In the United States, there are only a handful of major health insurance carriers. Though there are some differences between the carriers (i.e. size of their network, areas of coverage, claims servicing, etc), they all essentially operate the same way. At this point in time, they’re all also facing similar financial burdens, losing hundreds of millions of dollars in the health care exchanges.
Though the Affordable Care Act DID help millions of people by providing them coverage no matter how sick they were, it severely affected the bottom line of these major corporations tasked with the obligation to provide comprehensive health coverage to Americans. Simple math says that if a person goes to the doctor more, the company has to pay more for those visits and/or procedures. Those frequent visits then cause the carriers to have a bad loss ratio on their policies, meaning they’re losing more than they’re taking in.
This, coupled with the fact that the overall cost of care in this country is the highest in the world, due to the capitalistic greedy mindset behind health care, creates a recipe for disaster. Just like with any disaster, there are many casualties and collateral damage; in this case the public and small business owners.
The Problem - High Costs for coverage
Insurance carriers are still businesses which means they have a fiduciary responsibility to create profits in order to stay in business and keep shareholders happy. When businesses have losses, they have only a few choices to offset those losses. They can:
A. Sell more product - for health carriers, this wouldn’t work because of the saturation and volatility of the product
B. Downsize - this also wouldn’t work because the carriers need the staff to service the increase in their active policies
C. Increase prices - this is the only logical thing the carriers could do to offset losses given the overall situation of the healthcare industry in the U.S.
So that’s exactly what they did, and what they continue to do. The rising premiums hurt businesses and individuals alike, as they struggle with higher costs for lower coverage.
The loss ratio of a health insurance carrier affects all of the policies under that carrier because the performance of the policies are pooled together. That means even if there are policies where the insurance company actually made a profit, they are rated the same way as the policies that caused a loss for the carrier. This is particularly true for the small business business market; those with 100 or less employees.
The Solution - Lower Costs for coverage
The solution is based on the same premise that the problem is - the pooling of policy performances. Businesses have a way to make sure that their premium pricing is based solely on their employees policies performance. In other words, if the employees of a company are fairly healthy, the cost of their health insurance is significantly less than coverage under major carriers. These plans are known as Level Funded and are a subcategory of Self-Insurance.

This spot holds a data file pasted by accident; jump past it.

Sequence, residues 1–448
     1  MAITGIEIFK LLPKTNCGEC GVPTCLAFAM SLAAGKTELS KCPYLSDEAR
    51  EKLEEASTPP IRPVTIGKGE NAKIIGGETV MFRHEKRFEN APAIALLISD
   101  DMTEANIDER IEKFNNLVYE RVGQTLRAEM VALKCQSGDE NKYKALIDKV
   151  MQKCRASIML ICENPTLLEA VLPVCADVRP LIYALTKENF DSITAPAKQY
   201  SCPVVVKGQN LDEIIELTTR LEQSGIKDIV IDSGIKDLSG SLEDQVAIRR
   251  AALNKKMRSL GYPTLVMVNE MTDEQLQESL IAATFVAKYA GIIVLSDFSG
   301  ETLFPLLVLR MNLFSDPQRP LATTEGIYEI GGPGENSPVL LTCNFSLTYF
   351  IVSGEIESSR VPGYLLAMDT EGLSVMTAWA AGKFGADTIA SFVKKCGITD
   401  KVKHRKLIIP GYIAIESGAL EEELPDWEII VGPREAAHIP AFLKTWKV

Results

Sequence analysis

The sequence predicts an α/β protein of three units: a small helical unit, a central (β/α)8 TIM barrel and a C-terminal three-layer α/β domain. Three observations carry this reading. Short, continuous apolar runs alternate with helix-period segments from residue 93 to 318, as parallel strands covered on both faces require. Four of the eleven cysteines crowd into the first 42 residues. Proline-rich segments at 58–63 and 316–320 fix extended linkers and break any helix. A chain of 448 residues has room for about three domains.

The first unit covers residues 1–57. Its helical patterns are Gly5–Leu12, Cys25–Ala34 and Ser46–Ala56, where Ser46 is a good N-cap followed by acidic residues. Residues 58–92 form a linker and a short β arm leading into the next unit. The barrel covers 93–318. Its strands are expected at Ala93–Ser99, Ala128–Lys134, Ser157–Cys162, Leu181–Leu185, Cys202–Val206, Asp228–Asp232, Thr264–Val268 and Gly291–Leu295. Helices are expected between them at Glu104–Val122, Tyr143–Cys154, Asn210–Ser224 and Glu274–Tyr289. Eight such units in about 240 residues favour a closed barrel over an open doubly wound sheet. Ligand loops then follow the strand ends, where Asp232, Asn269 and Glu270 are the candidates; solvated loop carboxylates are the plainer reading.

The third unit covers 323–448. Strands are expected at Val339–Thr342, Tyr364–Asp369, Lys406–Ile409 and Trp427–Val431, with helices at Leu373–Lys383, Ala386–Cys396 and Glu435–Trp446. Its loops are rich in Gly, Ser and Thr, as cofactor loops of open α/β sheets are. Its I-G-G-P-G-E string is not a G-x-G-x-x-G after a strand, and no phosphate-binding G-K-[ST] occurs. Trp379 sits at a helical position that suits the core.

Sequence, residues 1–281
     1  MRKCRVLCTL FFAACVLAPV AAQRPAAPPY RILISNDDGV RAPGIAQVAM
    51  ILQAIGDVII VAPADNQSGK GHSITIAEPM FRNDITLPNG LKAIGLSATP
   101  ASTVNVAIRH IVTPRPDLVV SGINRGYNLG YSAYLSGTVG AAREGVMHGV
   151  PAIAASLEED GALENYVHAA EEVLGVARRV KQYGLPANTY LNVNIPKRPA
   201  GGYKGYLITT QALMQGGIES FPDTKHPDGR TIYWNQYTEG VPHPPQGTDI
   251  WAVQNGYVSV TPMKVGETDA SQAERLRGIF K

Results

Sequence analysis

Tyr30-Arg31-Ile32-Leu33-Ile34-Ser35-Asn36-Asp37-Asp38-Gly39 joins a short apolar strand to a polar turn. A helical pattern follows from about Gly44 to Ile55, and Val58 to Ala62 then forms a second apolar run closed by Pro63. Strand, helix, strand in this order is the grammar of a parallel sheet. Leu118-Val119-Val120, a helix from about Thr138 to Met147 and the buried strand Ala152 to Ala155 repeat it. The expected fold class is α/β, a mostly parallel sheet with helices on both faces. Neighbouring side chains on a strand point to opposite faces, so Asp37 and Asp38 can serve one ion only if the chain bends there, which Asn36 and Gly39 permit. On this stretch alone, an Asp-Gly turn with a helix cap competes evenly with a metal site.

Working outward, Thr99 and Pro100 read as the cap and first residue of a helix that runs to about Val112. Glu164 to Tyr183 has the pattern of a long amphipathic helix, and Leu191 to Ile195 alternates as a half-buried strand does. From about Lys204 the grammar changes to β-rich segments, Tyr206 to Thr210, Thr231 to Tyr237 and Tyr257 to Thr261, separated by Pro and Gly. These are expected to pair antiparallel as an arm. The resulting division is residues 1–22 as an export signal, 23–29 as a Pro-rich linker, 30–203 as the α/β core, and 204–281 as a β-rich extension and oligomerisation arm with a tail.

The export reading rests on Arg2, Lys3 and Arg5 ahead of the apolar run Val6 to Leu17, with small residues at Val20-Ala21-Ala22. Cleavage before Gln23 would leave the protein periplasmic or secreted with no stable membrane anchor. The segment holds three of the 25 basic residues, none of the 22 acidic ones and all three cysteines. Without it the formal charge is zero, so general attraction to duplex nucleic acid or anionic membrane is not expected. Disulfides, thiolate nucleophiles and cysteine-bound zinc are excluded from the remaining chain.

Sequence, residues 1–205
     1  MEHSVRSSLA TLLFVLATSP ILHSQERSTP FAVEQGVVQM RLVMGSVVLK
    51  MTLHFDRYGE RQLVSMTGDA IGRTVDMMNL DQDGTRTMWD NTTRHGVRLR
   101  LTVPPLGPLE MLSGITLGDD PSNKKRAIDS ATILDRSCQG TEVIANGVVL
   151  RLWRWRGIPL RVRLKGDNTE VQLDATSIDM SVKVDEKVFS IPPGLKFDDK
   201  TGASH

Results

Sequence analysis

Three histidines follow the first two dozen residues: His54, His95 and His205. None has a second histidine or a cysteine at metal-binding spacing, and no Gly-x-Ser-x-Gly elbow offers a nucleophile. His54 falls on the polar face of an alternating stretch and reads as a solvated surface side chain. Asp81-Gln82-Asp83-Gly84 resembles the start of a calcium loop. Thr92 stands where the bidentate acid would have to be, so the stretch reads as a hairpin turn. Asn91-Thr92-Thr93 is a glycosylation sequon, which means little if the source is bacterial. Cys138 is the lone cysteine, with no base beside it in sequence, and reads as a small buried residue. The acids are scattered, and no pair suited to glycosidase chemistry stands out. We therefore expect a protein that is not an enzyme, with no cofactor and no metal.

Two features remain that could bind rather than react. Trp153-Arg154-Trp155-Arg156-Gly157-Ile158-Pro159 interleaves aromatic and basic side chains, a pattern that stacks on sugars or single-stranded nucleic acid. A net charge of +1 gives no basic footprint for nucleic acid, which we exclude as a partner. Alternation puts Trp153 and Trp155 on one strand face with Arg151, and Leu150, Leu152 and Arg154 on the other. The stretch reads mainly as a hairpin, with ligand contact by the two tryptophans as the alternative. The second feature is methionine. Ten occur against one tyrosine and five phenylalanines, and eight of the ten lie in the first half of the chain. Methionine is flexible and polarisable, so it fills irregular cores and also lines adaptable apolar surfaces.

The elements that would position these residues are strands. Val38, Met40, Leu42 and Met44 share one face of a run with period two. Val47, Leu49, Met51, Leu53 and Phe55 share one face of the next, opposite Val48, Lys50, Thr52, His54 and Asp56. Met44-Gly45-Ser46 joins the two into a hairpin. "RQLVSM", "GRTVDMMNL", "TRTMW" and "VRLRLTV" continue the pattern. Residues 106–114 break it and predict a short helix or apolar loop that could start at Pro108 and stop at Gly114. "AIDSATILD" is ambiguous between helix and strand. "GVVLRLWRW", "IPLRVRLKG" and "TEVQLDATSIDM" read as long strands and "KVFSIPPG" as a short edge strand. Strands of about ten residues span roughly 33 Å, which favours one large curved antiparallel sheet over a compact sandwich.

Level Funded health plans usually require the employees to fill out brief health questionnaires. If the employer had previous coverage, the performance of their previous policies (usually a 3 year history) may be required prior to quoting. Rates are then determined using this information, allowing for significant savings while maintaining access to major networks. In some cases where an employer had previous coverage, lower rates can be obtained without a questionnaire.
With the health care costs of a company directly linked to the health of its employees, the employer has additional incentive to promote healthy lifestyles and reward employees for participating in them. Health care costs are usually shared by the employee, so they also see a reduction in costs but no reduction in health coverage. A healthier employee is a happier, more productive employee.
There are even more aggressive ways to save on health care costs for larger organizations. This is known as Reference Based Pricing. It has been around for a few years but has yet to gain sufficient traction in the industry as a popular option. It is a much more intricate method but can also yield bigger savings for healthcare premiums. There are many pros and cons with this option so research and advisement is definitely recommended when considering this.
The Conclusion - Don’t be afraid of new things
If something isn’t broke, don’t try to fix it...BUT if it is, then look at ways to fix it. Don’t be fooled thinking the government is going to make it all better. There are already plenty of options available to combat the high costs of health care. Granted, these options won’t be well known or heavily marketed with a clear conveyance, but the information is out there for those who seek it. It’s better to be proactive than reactive.
There’s no denying that these plans work. The only thing questionable is whether people will be smart enough to buy-in before they go bankrupt trying not to.